This stronghold of cash flows in its domestic base is an important point which makes me prefer to look at Capilano more than its New Zealand competitors, as the strong market share leadership really entrenches Capilano’s ability to continue to extract significant amounts of cash flows, with less uncertainty, from its domestic business, which made up of a large chunk (83% in terms of revenue) of its business.

With these strong sustainable cash flows from its domestic business, Capilano would be able to return some value to shareholders by distributing some of them as dividends (the company doesn’t appear to have any fixed dividend policy, but its dividend payout has been stable at around 35%-40% since IPO), and use the remaining funds to reinvest in its business at high returns on capital (as we have previously examined, its CAGR from FY2013-17 of return on incremental capital ranges between 17%-24%, depending on which asset base you consider).

The near-term growth areas/opportunities that Capilano can/is reinvesting its capital in includes:

  • Expansion of the sales of its new products, in particular its new innovative healthy prebiotic honey, Beeotic®, which was launched in late September 2016 in Australia (and launched in Singapore in around November 2017 with free sampling events). Beeotic is the world’s first clinically-tested prebiotic honey, and is 100% Australian honey. This product has been developed on the back of extensive industry research over several years, has been listed with the Therapeutic Goods Administration (TGA) and is exclusive to Capilano. It sells for more than double the price of normal honey. In Singapore, its Beeotic honey (500gm) is selling for SGD 22, i.e. about 265% of the price of its normal honey (SGD 8.25) (see pictures below, taken on 6 January 2018).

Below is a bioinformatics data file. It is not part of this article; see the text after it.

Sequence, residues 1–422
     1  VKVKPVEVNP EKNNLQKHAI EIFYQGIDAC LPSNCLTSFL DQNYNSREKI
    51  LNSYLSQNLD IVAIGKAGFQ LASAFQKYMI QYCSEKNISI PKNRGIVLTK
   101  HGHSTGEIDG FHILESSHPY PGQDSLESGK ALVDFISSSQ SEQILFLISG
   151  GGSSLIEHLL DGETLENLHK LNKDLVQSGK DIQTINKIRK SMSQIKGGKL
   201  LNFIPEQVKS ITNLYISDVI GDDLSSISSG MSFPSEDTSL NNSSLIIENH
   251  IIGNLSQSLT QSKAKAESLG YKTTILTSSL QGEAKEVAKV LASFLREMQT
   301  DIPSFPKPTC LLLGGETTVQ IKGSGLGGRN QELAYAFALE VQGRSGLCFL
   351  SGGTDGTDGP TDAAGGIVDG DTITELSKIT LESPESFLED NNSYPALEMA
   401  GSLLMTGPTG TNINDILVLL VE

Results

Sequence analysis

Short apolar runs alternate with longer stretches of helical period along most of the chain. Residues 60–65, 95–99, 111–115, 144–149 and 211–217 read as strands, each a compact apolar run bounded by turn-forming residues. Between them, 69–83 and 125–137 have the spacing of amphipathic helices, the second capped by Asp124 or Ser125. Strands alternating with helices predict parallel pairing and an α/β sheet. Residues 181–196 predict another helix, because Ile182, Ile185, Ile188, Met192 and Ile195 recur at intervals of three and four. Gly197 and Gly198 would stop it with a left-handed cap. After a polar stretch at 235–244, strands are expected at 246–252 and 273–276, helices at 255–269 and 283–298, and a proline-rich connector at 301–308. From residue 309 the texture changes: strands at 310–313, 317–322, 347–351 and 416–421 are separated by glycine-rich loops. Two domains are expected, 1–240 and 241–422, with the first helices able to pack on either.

The company states that “[m]ore advertising, product development and strategic marketing is planned to support the product and further educate consumers. Beeotic has brought new honey consumers to the honey category and the product is awaiting regulatory approvals in a range of key export markets, noting we are currently selling into China as a priority establishment market”.

    According to an analyst report, “[p]ositively, Beeotic is attracting new, health-conscious consumers, upgrading CZZ’s existing customers and growing the overall honey category. The product has good distribution in Australia”. Another article states that “[i]mportantly, for the first time in many years, CZZ will actively market this new product”. Indeed, Capilano’s spent a significant AUD 2.2m in FY2017 on the marketing of new products (which should largely be attributable to the Beeotic product), which took up about 14% of its total marketing and promotion expenses (of AUD 15.3m in FY2017). If this product takes off well and gets sold in more markets after the relevant regulatory approvals, it should contribute much to Capilano’s revenues and, more importantly, its earnings given the better margins for the Beeotic product;